But then the next batch of people would come along and it would start all over again, and I got tired of asking them to leave. So I broke down and printed several street-like signs to inform the loiterers that they might be bothering others. Things like "No Loitering" and "Please be considerate of your fellow associates working very near here. Thank you." But why should I have to do this??!? Why aren't these people at their desks working? I wish I had time to hang out in the aisles and chat...

Then, as I stood in line at the Post Office tonight, the lady behind me was talking, and I thought it was to me. Nope - she was plugged in and talking to a phone. I looked at her and she looked away and kept talking. What's so important that it cannot wait until she was back in her car? Then the woman behind her started talking into her cell phone and the first woman stared at her. HA! Bothers you, huh? Well guess what, lady, you BOTH bother me! Just stuff a sock in it and stand quietly for 5 minutes. Sheesh!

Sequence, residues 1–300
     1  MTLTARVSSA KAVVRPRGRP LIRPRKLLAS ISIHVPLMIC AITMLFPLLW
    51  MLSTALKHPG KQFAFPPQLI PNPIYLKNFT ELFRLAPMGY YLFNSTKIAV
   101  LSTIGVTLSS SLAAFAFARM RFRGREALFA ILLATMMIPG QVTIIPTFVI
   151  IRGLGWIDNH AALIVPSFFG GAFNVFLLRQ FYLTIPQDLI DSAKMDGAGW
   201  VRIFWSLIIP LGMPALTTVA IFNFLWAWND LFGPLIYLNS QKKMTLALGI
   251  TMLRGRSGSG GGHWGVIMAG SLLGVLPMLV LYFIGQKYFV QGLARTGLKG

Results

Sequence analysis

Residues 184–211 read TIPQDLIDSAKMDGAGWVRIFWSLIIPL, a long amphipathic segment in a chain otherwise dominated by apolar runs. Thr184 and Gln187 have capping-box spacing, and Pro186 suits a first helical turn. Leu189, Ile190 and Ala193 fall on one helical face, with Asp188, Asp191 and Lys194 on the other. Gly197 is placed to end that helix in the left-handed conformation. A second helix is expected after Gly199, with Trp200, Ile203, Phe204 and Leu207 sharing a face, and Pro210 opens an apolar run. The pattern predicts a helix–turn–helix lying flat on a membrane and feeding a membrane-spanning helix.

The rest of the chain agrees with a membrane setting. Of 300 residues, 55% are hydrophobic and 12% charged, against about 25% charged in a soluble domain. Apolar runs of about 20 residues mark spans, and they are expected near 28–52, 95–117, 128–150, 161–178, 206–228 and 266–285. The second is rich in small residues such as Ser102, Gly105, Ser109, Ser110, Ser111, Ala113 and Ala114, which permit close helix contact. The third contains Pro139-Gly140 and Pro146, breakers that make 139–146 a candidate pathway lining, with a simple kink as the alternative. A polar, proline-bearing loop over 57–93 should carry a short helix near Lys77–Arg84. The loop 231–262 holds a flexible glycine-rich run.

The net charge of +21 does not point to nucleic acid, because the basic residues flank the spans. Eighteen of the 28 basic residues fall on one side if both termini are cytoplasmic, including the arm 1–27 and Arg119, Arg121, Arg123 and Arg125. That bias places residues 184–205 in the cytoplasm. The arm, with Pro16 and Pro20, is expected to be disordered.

Then there's college student who was standing on a stairwell and talking on her cell phone. Apparently it was a fairly private conversation, but what she did not know is the echo from the stairwell carried her voice to all the rooms and offices around the stairs, and about 30 people were listening in. My friend, who worked in one of the offices within ear-shot, went up to her and tapped her on the shoulder. The girl turned around, irritated, and said it was a private conversation. Uh, no it's not. She looked around, turned red and left.